I am a big Rick Steves fan and firmly believe when he says to not skimp on seeing attractions, because that’s the whole point of going some place new! I will say that if you are revisiting a destination, this may not apply, but in general go see the tourist things! I did my study abroad in Florence, so I am very well acquainted with the Uffizi Gallery, L’Academia, and the Duomo. Did I got revisit them in 2017? You bet I did! My husband had never been, but these are/house some of the great pieces of art in the world. So I will gladly see them as many times as I can.
On an administrative/planning note, I would recommend seeing if there are museum passes in that city and calculate if the pass is worth it. Paris has a great museum pass. You can buy it for as many days as you need and you are allowed unlimited access to the museums. The Louvre, Musée d’Orsay, and the Château de Versailles are included. The Florence Museum pass doesn’t allow for the same flexibility, so I passed on that and secured reservations ahead of time for the Uffizi and L’Academia instead.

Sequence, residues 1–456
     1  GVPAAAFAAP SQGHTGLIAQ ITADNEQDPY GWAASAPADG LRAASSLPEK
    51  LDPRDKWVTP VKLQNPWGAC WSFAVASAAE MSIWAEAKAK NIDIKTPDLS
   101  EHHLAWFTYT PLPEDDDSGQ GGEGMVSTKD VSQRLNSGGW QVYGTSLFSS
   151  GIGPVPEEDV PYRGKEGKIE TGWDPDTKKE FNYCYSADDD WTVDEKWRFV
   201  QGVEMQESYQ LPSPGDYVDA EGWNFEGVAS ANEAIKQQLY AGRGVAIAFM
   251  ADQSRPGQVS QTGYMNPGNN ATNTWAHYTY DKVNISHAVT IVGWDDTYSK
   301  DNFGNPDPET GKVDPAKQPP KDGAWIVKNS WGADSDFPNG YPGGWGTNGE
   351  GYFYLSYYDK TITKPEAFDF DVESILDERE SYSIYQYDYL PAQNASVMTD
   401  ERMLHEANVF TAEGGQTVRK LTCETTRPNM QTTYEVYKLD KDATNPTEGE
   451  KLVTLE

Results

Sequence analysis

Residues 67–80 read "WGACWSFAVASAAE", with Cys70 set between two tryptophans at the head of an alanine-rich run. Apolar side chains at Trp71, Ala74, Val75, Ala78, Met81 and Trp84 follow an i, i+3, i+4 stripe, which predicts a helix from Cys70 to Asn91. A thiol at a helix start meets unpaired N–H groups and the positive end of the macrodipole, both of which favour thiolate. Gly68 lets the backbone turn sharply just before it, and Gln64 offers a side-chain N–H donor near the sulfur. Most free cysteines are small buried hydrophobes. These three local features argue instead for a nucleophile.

Food is the wild card!
Food is the ultimate wild card with budgeting. Food prices vary based on what you like, dietary restrictions you might have, if you are booking apartments/hotels where you can store food, etc. Rick Steves generally uses this rule for travel in Europe: 5 euros for breakfast, 15 euros for lunch, 3 euros for a snack, and 25 euros for dinner per person. Above 50 euros a day per person for food. Generally speaking this works, since you will have more expensive meals in some places and others, you might not even have dinner since lunch was so much! If you are going to Thailand, the food amount will be much less. Do your research on food costs in the area and then model your budgeting based on that. Also take into consideration what your normal habits are. If you never eat breakfast, don’t budget for breakfast!
With the big tickets items out of the way, you should budget for local transportation, souvenirs, and always have a “Miscellaneous” budget. The Miscellaneous budget is for anything unplanned. I went to Chicago in 2015 before attending a friend’s wedding in South Bend, IN when I got a call from my mother-in-law saying my husband was really sick. So I flew home. I had budgeted some money for a delay, but in the end the trip costs only $100 less than I budgeted, since I had to buy an emergency ticket home. These things happen, so be prepared.
I have also included here a template of what I used to budget my Italy trip. I don’t do this for all my trips, only for my larger expense trips.
What are your top budgeting tips? Leave them in the comments below so everyone can reference them! With Love, Allison